It’s a little after noon. Usually by this hour, David Weiss would be waking for the second time, still groggy from his antipsychotics. He’d have gotten up once at dawn, maybe made himself an egg with toast. He might have gone into the back bedroom to scan his ham radio or played a few chords on his guitar. Then he’d go back to sleep.
But on this day, he had somewhere to be. It’s easier to get up on days like this, days with a purpose.
And so at noon, he is sitting in an abnormal-psychology class at Shepherd University in Shepherdstown, West Virginia, his arms crossed and a plate of pizza balanced on his lap. At 64, Weiss still has a full head of wavy silver hair and a broad, kind face and a bulbous nose that make him a dead ringer for a mall Santa. He wears a Hawaiian shirt that smells faintly of incense.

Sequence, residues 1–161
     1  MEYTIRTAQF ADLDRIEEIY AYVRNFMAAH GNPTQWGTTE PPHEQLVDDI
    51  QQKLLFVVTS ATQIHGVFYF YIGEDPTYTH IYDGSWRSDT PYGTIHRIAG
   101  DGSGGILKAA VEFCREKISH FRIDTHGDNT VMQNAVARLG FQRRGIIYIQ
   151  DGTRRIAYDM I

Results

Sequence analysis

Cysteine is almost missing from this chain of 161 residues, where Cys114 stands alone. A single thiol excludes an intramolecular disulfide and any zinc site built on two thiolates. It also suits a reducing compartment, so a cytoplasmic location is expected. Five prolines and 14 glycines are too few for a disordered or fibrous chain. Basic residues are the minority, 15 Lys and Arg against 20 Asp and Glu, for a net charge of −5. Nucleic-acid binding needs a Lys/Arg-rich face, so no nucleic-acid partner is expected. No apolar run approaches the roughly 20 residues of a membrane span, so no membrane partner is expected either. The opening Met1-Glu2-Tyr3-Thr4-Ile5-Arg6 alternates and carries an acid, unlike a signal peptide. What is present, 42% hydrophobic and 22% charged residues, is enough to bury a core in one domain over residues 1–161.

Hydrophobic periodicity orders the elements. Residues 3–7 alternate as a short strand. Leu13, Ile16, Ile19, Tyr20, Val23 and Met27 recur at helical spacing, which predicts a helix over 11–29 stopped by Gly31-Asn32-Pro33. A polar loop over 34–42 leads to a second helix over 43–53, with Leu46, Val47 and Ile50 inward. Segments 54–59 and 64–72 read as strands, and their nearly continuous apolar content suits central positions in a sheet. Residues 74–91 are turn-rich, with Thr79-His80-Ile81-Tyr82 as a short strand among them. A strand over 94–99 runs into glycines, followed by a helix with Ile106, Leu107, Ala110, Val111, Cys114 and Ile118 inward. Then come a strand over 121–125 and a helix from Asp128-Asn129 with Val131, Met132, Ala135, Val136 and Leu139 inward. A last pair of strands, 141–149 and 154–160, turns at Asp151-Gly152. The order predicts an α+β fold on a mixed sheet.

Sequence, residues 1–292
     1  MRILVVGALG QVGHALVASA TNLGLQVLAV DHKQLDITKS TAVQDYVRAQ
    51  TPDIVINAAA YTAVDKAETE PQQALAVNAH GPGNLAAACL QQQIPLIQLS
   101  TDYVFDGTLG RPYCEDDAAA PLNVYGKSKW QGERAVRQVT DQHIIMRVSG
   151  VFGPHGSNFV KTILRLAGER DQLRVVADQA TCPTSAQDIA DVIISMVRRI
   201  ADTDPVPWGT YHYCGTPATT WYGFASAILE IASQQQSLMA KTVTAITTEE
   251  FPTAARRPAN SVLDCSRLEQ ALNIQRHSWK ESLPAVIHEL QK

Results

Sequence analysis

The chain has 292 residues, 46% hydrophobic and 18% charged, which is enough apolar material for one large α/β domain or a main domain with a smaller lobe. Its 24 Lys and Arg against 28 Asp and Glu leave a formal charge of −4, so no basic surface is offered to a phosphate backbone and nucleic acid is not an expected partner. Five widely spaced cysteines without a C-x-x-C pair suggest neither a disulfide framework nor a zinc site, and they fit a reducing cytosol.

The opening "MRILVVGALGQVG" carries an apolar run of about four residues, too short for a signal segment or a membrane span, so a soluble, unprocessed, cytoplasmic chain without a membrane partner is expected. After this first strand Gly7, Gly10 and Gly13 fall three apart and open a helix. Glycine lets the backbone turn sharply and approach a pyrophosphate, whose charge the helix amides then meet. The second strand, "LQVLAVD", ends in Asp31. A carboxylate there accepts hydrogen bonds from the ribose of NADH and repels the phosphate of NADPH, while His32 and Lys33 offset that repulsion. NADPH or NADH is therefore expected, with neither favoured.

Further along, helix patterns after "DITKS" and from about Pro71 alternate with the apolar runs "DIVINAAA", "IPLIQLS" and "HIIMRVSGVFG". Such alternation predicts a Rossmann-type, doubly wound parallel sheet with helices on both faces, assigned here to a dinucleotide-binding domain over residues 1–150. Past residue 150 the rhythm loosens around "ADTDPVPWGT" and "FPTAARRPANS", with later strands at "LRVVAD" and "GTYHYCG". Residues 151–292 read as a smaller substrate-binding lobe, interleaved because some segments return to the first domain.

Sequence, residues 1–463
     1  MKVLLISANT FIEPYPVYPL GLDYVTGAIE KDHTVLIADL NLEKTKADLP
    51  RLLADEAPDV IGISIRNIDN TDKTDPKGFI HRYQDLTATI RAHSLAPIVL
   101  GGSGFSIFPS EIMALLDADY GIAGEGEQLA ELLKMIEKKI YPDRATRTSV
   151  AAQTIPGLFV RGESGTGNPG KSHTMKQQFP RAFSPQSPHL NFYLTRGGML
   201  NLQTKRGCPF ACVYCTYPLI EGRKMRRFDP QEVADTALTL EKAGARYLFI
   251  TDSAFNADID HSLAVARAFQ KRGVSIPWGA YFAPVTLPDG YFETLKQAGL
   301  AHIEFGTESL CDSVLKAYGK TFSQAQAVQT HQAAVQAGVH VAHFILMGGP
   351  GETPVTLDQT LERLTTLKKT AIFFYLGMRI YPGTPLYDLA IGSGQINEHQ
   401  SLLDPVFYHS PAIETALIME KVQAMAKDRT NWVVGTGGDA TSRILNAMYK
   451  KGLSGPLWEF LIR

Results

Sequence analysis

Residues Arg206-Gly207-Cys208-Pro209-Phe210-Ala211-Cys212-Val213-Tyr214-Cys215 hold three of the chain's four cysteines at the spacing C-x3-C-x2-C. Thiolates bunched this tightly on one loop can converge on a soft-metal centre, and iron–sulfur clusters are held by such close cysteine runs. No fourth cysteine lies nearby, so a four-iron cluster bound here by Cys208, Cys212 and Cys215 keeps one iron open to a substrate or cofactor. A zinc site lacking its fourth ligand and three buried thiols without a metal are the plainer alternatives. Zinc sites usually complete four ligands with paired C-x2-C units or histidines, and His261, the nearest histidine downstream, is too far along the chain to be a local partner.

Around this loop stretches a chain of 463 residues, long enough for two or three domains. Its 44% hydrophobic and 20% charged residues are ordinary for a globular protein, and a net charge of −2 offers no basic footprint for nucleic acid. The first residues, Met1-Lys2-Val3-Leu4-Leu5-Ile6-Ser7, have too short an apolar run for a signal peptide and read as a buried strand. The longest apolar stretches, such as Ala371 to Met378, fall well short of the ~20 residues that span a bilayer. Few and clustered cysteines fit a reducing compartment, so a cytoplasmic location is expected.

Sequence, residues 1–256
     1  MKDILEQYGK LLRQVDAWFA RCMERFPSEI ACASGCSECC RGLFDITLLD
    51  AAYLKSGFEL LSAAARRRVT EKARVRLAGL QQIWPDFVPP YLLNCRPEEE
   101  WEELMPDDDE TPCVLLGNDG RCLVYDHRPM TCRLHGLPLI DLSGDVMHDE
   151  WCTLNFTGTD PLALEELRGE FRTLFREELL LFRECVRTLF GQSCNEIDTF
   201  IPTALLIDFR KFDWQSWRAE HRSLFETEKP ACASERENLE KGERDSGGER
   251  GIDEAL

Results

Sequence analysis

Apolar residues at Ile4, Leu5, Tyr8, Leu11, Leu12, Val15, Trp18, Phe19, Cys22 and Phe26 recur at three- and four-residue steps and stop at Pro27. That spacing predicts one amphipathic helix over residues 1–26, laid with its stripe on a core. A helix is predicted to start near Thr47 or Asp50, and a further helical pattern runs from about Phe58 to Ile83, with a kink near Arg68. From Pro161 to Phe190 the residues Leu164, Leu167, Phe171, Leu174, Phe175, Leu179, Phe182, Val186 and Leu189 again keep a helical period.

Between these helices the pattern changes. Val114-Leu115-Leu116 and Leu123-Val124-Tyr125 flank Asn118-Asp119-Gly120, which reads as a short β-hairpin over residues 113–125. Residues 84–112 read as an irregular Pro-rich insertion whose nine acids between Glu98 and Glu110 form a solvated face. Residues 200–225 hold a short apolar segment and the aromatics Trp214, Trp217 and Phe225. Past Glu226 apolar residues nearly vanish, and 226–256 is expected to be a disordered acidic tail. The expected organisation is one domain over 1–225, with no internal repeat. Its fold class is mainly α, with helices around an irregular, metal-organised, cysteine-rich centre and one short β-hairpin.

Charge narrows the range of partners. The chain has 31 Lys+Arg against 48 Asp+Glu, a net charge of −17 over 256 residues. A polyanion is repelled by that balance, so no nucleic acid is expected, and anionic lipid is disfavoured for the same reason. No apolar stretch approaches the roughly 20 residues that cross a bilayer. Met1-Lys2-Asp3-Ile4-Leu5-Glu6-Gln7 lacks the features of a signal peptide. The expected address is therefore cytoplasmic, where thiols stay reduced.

He’s giving a talk to the students about life with mental illness.
Weiss is a client — there are no patients, only clients — at Way Station Inc. run by Sheppard Pratt Health System in Frederick, one of the first programs of its kind in the country to use social support systems to integrate people with mental illnesses into their communities. Way Station gave him his own apartment as well as a case manager who checks in with him daily. It even helped him enroll in community college, where in 2010 he realized his teenage dream and graduated with an associate degree in music.
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